In light of the largest and most public sex abuse scandal in Pennsylvania history involving former Penn State football coach Jerry Sandusky, parents may ask how they make sure their children don't become victims.
The child sex accusations against Sandusky got many people talking about a very sensitive subject.
Local child psychologists say there are lessons to be learned from the highly-publicized scandal.
"There are opportunities that are emerging for dialogs like this, or maybe even for parents who have a concern that their child has had an experience like this, to take that step that they might not have otherwise taken," said Dr. David Palmiter.
He is a child psychologist and professor at Marywood University. He said a parent who suspects abuse should look for some telltale signs.
Kids could relive the abuse in their own actions, they could, all of a sudden, fear things that remind them of the abuse, they could also jump or shy away from any kind of normal closeness.
The bottom line, Dr. Palmiter said, is to not only detect abuse but prevent it by spending time with your child.
"That hour a week is to a child psychologist, what a apple is to a pediatrician," Palmiter added.
Child sexual abuse may be more prevalent than you think. According to the Pennsylvania Psychological Association, nearly one in six boys will be sexually abused before the age of 18, and nearly one in four girls. Boys, though, are less likely to tell a parent or other adult about the abuse.
Dr. Palmiter said it all comes back to the parent-child relationship. If there is trust, a child will feel more comfortable reporting the abuse.
"I think that if we have that relationship, a kid who is verbal is more likely to tell us," the psychologist said.
People in law enforcement locally said cases of sexual abuse still go vastly unreported because of the stigma surrounding that kind of abuse. But, they added, that stigma is changing.
"Child pornography and child abuse cases were just in their infancy of being reported and investigated, probably in the late to mid-80s. And now, it's almost become the bread and butter of our investigator's work. We do so much work," said Lackawanna County Detective Chris Kolcharno.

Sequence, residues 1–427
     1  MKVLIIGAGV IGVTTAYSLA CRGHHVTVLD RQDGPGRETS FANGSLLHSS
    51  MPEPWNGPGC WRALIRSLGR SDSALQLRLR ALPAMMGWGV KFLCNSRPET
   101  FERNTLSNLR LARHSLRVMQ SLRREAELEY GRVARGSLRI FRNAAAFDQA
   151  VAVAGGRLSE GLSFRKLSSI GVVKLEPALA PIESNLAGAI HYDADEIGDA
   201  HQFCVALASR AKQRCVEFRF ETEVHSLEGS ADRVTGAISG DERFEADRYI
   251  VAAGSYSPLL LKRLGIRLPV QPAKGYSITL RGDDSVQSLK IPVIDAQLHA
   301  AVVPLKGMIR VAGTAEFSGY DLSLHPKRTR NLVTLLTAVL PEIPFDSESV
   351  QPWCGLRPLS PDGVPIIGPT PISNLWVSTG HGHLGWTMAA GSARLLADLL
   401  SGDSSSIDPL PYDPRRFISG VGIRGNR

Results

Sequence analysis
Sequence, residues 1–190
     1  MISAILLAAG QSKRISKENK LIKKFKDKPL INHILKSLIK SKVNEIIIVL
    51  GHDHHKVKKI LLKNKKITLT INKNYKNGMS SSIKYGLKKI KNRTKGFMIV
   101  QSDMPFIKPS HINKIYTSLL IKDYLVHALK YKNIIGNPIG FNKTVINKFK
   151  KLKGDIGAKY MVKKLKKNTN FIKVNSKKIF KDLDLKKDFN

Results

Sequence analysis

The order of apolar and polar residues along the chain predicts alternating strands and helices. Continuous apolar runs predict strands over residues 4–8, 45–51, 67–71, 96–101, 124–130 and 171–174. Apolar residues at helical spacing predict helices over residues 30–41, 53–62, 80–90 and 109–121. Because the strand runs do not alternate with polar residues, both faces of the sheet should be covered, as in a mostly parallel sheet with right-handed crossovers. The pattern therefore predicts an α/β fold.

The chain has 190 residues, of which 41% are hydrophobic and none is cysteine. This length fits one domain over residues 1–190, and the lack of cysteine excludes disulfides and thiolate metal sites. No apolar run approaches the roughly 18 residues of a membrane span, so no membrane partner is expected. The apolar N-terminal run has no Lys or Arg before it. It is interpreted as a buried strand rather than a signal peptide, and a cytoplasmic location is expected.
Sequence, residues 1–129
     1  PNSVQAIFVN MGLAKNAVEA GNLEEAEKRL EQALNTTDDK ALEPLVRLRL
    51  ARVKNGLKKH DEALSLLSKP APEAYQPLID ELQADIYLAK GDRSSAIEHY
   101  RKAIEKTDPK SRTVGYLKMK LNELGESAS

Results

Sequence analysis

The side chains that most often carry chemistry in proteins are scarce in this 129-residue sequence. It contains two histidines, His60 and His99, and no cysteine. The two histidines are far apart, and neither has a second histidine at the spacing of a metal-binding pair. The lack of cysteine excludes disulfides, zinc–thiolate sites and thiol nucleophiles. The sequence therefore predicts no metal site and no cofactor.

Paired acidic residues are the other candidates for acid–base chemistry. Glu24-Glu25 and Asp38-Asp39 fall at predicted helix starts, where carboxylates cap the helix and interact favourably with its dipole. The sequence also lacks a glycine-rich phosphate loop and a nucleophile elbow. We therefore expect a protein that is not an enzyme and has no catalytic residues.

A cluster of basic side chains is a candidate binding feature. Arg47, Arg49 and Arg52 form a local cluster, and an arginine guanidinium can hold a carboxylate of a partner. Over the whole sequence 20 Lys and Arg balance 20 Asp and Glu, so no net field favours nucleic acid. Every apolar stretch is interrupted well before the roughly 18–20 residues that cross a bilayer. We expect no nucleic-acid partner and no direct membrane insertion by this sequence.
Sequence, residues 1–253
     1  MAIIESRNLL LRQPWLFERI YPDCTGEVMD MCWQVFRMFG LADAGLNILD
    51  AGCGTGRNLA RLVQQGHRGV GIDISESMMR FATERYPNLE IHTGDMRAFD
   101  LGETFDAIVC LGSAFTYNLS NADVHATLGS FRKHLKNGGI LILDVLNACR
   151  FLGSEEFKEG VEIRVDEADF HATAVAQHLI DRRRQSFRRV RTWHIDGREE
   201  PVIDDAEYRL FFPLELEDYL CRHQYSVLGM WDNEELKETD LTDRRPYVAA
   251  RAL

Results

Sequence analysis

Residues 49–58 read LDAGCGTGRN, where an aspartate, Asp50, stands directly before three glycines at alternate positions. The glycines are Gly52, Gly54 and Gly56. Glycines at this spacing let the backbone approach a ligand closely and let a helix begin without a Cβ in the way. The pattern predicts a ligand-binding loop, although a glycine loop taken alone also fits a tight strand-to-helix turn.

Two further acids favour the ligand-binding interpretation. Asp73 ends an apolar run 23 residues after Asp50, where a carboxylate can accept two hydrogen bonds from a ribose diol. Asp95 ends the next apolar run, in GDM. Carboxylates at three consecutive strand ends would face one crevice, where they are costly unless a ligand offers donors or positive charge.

He added it's not that there is more sexual abuse, just that more of it is coming to light and more are getting caught.
Kolcharno said it all starts with the parents keeping track of their child's activity on the playground and online and being aware of who potential predators are.
According to the Pennsylvania Psychological Association, 60 percent of child sexual abusers are acquaintances, people you or your child knows, 30 percent are relatives and only 10 percent or predators are complete strangers.
Kolcharno said predators start by gaining a child's trust, by grooming potential victims with favors or gifts.
If parents suspect their child is being abused, "They need to tell someone. They need to call local police, call the district attorney's office, or they can report it directly to the National Center for Missing and Exploited Children," Kolcharno said.
In Pennsylvania, all people who work with children in a professional manner are required by law to report suspected child sexual abuse.
It can be reported directly to the National Center for Missing and Exploited Children at 1-800-THE-LOST, or 1-800-843-5678.